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Seniors: Be smart about medicines

It's important to manage your medications properly—especially as you get older.

These days it seems that help for what ails you is never farther than your local pharmacy. Whether it's aches and pains, high cholesterol or another condition, odds are good that a medicine can help.

But there's more to taking a drug than opening a bottle and swallowing a pill—especially if you are older and take multiple medications.

It's true that medicines confer many benefits. But as people age, their bodies may process medicines less efficiently. This can make the medicine less effective. And when people take lots of different medicines, they're at higher risk for dangerous drug interactions.

To avoid mistakes with medicines, heed this advice from the National Institutes of Health, the American Geriatrics Society, the U.S. Food and Drug Administration and other groups:

Partner with your doctor

Share information. Health professionals can make a better decision about what to prescribe if you tell them about past problems you have had with medicines, such as rashes, indigestion or dizziness.

Be honest about your habits. A medicine's effectiveness can be affected by how much coffee, tea or alcohol you drink and whether you smoke.

Ask questions. Don't leave your doctor's office without asking why you need a prescribed medicine and how you should take it. Write the answers down or ask the doctor to provide you with written directions.

Talk to your doctor if you have trouble swallowing tablets. The same medicine may come in liquid form. Never break, crush or chew tablets unless the doctor says it's OK.

Do your homework

Make two lists. On each list, include all prescription and nonprescription medicines, herbal supplements, vitamins and laxatives you take—even those from specialists such as dentists and eye doctors. Keep one list at home and carry the other one in your wallet or purse for a quick reference if you need it.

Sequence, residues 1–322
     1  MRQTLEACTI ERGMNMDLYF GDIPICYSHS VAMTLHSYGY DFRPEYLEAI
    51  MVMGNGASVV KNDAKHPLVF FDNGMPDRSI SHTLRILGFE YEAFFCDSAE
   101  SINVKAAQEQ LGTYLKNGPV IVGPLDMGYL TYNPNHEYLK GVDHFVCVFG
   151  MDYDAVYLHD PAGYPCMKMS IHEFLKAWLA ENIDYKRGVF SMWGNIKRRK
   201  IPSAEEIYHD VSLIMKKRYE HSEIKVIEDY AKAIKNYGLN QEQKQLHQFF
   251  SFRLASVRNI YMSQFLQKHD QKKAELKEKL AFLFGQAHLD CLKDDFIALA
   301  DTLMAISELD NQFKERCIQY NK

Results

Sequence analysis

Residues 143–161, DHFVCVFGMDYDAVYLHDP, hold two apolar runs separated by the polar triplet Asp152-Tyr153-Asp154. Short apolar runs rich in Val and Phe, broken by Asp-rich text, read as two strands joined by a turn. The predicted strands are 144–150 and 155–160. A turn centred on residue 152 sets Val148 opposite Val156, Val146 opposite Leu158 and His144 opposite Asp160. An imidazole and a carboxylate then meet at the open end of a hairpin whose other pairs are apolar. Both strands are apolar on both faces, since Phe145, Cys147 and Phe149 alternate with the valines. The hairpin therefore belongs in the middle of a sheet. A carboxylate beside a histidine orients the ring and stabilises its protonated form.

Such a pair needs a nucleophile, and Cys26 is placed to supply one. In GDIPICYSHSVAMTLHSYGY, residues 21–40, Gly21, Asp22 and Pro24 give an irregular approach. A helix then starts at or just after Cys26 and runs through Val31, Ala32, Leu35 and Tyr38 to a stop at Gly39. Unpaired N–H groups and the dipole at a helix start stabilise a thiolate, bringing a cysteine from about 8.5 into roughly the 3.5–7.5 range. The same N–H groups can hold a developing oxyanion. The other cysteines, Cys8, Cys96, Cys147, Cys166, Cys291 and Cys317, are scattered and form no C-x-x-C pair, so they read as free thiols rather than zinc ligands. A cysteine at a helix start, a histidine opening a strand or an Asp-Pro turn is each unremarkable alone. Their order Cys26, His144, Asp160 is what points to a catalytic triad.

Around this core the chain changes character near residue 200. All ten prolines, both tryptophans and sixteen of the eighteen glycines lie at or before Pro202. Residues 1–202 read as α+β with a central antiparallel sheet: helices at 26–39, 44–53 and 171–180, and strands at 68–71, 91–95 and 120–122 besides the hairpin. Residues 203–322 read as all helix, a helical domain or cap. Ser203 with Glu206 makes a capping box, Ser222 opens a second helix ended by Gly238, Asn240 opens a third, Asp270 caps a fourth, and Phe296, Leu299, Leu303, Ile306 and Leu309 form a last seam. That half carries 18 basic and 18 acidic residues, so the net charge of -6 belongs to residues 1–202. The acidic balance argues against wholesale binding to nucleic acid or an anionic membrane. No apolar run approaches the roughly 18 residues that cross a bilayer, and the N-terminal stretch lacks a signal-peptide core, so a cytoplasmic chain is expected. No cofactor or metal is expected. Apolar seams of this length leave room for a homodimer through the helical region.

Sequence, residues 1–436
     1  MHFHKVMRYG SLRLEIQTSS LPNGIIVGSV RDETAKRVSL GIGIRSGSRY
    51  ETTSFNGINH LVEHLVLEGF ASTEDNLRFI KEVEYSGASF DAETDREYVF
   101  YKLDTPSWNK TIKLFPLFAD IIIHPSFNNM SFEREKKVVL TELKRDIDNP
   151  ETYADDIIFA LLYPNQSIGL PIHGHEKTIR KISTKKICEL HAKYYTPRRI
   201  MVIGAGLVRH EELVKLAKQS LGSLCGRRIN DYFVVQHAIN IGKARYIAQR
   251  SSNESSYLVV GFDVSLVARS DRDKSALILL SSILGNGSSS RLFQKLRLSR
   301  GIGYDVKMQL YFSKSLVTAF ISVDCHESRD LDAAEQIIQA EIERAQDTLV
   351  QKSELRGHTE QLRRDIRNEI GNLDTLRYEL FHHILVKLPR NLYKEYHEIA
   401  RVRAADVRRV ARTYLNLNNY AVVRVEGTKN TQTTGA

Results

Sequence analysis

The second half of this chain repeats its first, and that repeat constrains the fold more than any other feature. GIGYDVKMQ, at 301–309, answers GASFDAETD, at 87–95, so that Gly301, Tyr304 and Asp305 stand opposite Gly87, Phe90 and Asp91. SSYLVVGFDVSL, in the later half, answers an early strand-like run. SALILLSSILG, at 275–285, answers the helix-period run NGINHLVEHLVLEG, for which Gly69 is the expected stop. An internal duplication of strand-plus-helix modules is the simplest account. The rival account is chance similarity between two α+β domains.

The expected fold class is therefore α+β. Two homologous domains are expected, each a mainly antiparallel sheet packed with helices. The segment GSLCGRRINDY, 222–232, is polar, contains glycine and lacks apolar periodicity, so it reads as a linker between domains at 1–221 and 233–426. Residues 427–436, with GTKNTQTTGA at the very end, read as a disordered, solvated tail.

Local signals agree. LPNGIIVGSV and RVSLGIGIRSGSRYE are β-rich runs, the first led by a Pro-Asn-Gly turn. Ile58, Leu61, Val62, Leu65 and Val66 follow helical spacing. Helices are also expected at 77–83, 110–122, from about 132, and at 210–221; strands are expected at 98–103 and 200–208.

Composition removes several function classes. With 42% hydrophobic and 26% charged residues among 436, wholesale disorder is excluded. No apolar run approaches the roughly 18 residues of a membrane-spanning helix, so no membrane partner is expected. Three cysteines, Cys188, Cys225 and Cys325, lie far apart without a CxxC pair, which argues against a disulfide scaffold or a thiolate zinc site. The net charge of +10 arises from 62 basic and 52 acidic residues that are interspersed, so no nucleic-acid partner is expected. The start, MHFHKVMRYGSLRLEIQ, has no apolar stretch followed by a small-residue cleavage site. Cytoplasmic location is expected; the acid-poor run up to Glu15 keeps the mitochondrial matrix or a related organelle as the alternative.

Take medicine on schedule. It may be easiest to remember your medicine schedule if it coincides with a routine. For example, if you need medicine at 8 a.m. and 10 p.m., take the first dose when you brush your teeth each morning and the evening dose when you're ready for bed.

You could also use:

  • A pillbox to sort pills.
  • A handheld computer.
  • A lamp with a timer programmed to go on when it's time for your medicine.
  • A chart listing the name of the medicine, what it's for, who prescribed it, how and when to take it, how much to take, its color and shape, and possible side effects. To see a similar chart, go to nia.nih.gov/health/tracking-your-medications-worksheet.

Follow doctor's orders

Take medicine as prescribed. Even if you feel better, don't stop taking your medicine. The problem may return if you stop too soon. If the medicine doesn't seem to help, call your doctor before you quit taking it.

Know what to do if you miss a dose. It may not be safe to decide for yourself. Check the information sheet that comes with your medicine, or contact a doctor or pharmacist for advice.

Be aware of side effects. If you have symptoms that you suspect are due to a medicine, record how the symptoms make you feel and when they occur, then share this information with your doctor. If symptoms are severe, call right away. Your medicine may need to be changed or adjusted.

Let your pharmacist help

Buy all medicines at one pharmacy, if possible. This allows the pharmacist to check your complete record and advise you of potential drug interactions.

Request easy-to-open medicine containers if you have trouble with childproof caps. Keep all medicines out of reach when young children are in your home.

Be careful with nonprescription medicines. Some over-the-counter drugs have the same active ingredients. Taking these nonprescription medicines together might cause a bad reaction. Read the labels and ask the pharmacist to make sure the drug is safe for you.

Get help with medicine costs

If you need help to cover the cost of your prescriptions, don't skip doses or take half doses of medicine to save money. Your doctor or pharmacist may know about organizations that provide financial assistance. Also, ask about switching to generic medicines that cost less.

You might also be able to save money by enrolling in the Medicare Part D prescription drug benefit program. Learn more at medicare.gov.

reviewed 10/21/2019

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